Fatty fish acts as a preventative measure for developing carcinomas.

fishA study, published in the Journal Nutrition and Cancerm led by Saint Luke’s Mid America Heart Institute has demonstrated that consuming that right kind of fish, in the right quantity, prepared in a certain way, can in fact help prevent adenocarcinomas, a common type of cancerous tumor.

The impact of the fatty fish is attributed to its ability to modestly decrease the activity of cyclooxygenase-2 (cox-2), an enzyme which contributes importantly to the genesis and progression of adenocarcinomas.

“An easy way to see the benefit of omega-3 is to look at Italy,” Dr. DiNicolantonio said. “The staple oil used in cooking and as a salad dressing in Italy is olive oil, which is quite low in omega-6. Meanwhile, fish — high in omega-3 — is a staple food in the Italian diet, and this fish is rarely salt-preserved or fried. In Italians studies, subjects who consumed fish at least twice weekly as compared to those who ate fish less than once a week, were found to be at a significantly lower risk for a number of cancers, including ovarian, endometrial, pharyngeal, esophageal, gastric, colonic, rectal, and pancreatic.”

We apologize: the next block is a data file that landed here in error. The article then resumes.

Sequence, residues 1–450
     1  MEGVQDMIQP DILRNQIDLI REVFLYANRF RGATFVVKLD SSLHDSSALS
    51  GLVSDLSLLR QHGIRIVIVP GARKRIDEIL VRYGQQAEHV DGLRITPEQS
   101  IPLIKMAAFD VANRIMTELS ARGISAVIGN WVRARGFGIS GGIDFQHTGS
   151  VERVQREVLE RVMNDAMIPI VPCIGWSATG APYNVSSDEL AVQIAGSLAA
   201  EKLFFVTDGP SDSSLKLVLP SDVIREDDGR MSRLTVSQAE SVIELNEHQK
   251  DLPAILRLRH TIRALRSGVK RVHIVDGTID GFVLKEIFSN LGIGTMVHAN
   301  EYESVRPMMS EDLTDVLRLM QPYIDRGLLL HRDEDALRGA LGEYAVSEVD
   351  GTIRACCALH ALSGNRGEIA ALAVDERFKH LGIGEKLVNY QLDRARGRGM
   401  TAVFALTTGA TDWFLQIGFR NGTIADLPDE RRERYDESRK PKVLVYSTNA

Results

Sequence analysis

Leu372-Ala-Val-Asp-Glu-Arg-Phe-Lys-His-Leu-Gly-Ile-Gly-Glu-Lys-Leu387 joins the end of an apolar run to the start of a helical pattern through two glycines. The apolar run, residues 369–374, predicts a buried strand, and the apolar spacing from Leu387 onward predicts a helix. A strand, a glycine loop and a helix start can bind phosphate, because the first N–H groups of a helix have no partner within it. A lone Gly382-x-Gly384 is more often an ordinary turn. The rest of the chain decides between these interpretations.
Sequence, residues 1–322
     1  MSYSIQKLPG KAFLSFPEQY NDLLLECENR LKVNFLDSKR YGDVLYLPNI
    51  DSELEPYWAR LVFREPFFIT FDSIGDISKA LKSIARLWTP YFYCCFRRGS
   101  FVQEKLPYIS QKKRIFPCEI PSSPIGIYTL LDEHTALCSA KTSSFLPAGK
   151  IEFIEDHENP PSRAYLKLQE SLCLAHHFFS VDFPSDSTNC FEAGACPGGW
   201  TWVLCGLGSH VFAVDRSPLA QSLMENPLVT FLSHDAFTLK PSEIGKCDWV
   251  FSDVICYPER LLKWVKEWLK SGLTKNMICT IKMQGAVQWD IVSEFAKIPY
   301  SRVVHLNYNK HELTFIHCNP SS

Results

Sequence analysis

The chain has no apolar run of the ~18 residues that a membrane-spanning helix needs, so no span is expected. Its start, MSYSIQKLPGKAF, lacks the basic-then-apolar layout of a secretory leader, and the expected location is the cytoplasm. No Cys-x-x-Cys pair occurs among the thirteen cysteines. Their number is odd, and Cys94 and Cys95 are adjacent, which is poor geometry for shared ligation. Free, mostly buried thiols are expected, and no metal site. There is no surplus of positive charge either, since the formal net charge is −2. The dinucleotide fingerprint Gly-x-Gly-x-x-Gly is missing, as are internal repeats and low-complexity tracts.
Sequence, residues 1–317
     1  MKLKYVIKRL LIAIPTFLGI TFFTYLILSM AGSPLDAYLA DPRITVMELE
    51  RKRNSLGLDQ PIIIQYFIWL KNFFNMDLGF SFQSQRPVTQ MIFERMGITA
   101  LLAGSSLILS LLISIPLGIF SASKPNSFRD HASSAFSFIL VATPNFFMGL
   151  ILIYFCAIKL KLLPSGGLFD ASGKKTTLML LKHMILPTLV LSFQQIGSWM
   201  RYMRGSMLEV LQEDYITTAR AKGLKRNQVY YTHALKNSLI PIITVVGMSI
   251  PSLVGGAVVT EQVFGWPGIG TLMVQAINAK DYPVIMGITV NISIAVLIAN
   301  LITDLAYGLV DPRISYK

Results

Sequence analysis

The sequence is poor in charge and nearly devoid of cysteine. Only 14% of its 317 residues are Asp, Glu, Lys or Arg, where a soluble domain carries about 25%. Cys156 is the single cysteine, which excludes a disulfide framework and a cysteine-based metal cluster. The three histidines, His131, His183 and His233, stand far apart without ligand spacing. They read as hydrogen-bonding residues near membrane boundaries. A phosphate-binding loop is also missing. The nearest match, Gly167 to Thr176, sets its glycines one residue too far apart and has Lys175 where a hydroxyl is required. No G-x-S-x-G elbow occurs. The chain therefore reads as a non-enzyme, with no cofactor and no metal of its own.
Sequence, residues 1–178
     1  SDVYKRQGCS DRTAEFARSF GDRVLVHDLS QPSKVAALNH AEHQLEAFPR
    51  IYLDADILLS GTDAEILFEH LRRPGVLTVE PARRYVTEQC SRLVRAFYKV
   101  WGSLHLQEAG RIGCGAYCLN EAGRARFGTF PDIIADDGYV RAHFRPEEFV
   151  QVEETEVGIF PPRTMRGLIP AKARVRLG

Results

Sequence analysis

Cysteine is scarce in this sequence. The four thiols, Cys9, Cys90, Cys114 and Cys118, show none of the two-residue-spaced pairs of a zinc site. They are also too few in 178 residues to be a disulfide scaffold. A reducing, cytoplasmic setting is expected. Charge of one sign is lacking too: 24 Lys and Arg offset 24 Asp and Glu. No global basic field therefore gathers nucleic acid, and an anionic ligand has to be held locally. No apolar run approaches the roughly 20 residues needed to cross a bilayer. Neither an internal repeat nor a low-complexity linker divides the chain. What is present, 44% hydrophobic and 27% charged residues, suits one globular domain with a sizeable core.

Previous studies have demonstrated a conclusive link between total omega-3 intake, from both fish and supplements, and determined that a high omega-3 intake was associated with a 23 percent reduction in total cancer mortality.


James J. DiNicolantonio, Mark F. McCarty, Subhankar Chatterjee, Carl J. Lavie, James H. O’Keefe. A Higher Dietary Ratio of Long-Chain Omega-3 to Total Omega-6 for Prevention of COX-2-Dependent Adenocarcinomas. Nutrition and Cancer, 2014; 1 DOI: 10.1080/01635581.2014.956262

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